Imx Fix in my experience
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April 27, 2004 11:34 AM

I have played thru 27% of the solo campaign and have played a few multiplayer races in Toca Race Driver 2 for the Xbox (Toca2) and I think the game is "better than I thought."

I have been playing Project Gotham Racing 2 (PGR2) for months now and have almost all of the cars unlocked. Almost. You have to play the game a lot and win the solo campaign on increasing difficulties to earn token and unlock cars. I'm unable to win all of the races on the most difficult settings which means I won't ever be using the two top cars in the game. But that's ok because I can still whip Action Replay lamers with my GT1.

Toca2 takes a approach to this by allowing you to just buy your way into all cars and tracks. For three quid (or a little less than 5 bucks) you can buy unlock codes. The game is good enough that I expect I will be playing it online enough to want to have all cars unlocked, so I bought the codes. I paid money for less than 50 characters of data.

A nice thing about this is that the solo campaign isn't won by paying for the unlock codes. It keeps that separate so you can play thru that campaign, which is, for the mast part, enjoyable. You go thru many races in various cars and tracks to become a racing superstar. The cut scenes are 'well produced' or so I'm told, but I think they are dumb and add nothing to the game play. Maybe I'm just more objective based when it comes to games and just want to know what that objective is without some story line matrix.

The races are not easy, and there's no difficulty setting (that I have found yet; more on that later) like there is in PGR2 (where you can do each races in one of five difficulty levels). But, you aren't expected to win each but instead get objectives like 'place in the top three' or come within two places of these other racers. I like that because it makes it possible for the race to be set up with many more cars and it places in back in the pack, so there's lots of overtaking (out braking your opponent is how to win) in the races. Overtaking is fun.

It's a racing sim instead of an arcade racer like PGR2. When you make a mistake, it costs you, especially if you break the wheel off of your Formula Ford (an open wheel race car). Power sliding is something to master just like it is in PGR2, but it's a more delicate art than the brute force, point grabbing slide-a-thon in Gotham. The different types of cars in the games this tough to do, because just as soon as you get used to the slow turning Formula Ford, you get into carts that turn on a dime. This variety is one of the major underlying features of the game and gives it at least as much depth as Gotham in the 'each car is different' category. I think Toca2 may do this better than PGR2.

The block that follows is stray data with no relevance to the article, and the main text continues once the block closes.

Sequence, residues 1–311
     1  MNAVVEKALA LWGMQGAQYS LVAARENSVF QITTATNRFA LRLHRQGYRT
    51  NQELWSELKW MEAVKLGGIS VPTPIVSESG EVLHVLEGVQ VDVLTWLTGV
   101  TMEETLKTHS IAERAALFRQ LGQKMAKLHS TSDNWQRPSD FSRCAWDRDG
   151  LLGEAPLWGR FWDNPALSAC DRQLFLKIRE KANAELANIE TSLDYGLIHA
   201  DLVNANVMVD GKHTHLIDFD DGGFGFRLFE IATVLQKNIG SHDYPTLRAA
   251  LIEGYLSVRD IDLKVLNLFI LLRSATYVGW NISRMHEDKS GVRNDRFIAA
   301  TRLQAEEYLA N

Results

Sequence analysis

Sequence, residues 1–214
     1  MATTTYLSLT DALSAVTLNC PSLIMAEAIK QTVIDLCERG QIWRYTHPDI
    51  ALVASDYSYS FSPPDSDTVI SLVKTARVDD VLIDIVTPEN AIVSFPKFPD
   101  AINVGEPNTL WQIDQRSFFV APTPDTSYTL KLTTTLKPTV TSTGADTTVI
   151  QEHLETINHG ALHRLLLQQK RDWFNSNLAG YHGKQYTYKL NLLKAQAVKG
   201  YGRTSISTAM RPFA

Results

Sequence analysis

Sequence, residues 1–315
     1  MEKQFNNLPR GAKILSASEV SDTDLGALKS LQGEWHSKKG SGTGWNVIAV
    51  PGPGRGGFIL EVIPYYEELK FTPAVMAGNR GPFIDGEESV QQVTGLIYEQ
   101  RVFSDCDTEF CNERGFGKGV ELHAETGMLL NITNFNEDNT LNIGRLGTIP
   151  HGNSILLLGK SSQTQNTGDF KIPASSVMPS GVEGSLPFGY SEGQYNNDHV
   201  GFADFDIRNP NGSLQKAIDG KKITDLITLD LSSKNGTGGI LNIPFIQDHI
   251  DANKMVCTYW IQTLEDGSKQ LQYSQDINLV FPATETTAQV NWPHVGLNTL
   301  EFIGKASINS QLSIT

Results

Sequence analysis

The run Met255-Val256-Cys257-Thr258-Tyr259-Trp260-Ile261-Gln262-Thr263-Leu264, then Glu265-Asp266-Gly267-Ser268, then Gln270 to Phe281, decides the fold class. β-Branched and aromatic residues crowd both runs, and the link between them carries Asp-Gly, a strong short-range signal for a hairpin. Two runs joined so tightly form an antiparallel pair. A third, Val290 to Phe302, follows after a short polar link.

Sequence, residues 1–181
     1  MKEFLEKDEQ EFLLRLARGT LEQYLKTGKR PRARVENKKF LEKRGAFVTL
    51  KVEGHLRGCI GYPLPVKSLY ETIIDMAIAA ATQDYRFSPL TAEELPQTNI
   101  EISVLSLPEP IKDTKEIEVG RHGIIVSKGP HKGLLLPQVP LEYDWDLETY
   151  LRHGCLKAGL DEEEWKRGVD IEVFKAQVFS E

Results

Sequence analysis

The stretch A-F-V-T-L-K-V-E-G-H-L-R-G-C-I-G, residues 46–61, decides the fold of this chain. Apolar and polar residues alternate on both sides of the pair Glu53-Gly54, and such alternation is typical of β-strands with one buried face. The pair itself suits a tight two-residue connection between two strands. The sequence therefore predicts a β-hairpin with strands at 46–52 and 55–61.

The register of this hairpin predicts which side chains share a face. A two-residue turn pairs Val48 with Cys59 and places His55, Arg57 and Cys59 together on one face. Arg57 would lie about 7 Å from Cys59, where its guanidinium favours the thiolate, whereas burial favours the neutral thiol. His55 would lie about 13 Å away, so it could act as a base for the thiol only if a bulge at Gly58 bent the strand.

Another variety factor in favor of Toca2 is the types of cars available to you. Open wheel racers, rally cars, classic street cars and modern super cars are all there. So, in one session you might be on the world renowned Nurburgring F1 circuit and the next may be a rainy, muddy Rallycross sprint over the moors of England (on and off road). PGR2 offers pavement in the day or night, or in the rain.

What Toca2 doesn't do better is the menu systems. The UI is nice and clean, and the loading screens are clever, but navigating around is confusing with odd names for some menu options (to get to Xbox Live games, you have to hit the 'Simulator Modes' menu). Also, one menu with 5 options might have three of them on the top of the screen, and two on the bottom, then when you select one of them, the next menu may be along the top of the screen in a horizontal row. There's a confusing quality to the menus that requires you to learn them.

Menu systems are not gameplay though. We buy and 'play' games, and Toca2 is certainly worth buying and playing. Since it's a budget title ($29.99) it makes the purchase of unlock codes easier to swallow and raises the 'value' of the game higher than if it was the typical $50. In an ocean of racing titles on the Xbox, you may overlook this one, but you shouldn't.